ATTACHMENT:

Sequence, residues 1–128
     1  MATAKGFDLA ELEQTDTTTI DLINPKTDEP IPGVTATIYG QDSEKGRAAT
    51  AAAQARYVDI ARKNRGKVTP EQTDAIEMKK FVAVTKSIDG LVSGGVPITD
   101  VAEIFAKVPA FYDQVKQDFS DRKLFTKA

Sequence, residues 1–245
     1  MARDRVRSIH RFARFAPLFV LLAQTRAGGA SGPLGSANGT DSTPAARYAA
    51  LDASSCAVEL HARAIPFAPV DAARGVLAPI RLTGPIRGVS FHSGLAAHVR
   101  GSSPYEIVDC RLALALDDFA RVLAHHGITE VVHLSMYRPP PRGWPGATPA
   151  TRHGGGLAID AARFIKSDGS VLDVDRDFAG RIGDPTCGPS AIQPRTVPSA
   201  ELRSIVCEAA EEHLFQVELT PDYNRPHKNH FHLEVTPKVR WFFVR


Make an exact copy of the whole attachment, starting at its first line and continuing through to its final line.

Sequence, residues 1–128
     1  MATAKGFDLA ELEQTDTTTI DLINPKTDEP IPGVTATIYG QDSEKGRAAT
    51  AAAQARYVDI ARKNRGKVTP EQTDAIEMKK FVAVTKSIDG LVSGGVPITD
   101  VAEIFAKVPA FYDQVKQDFS DRKLFTKA

Sequence, residues 1–245
     1  MARDRVRSIH RFARFAPLFV LLAQTRAGGA SGPLGSANGT DSTPAARYAA
    51  LDASSCAVEL HARAIPFAPV DAARGVLAPI RLTGPIRGVS FHSGLAAHVR
   101  GSSPYEIVDC RLALALDDFA RVLAHHGITE VVHLSMYRPP PRGWPGATPA
   151  TRHGGGLAID AARFIKSDGS VLDVDRDFAG RIGDPTCGPS AIQPRTVPSA
   201  ELRSIVCEAA EEHLFQVELT PDYNRPHKNH FHLEVTPKVR WFFVR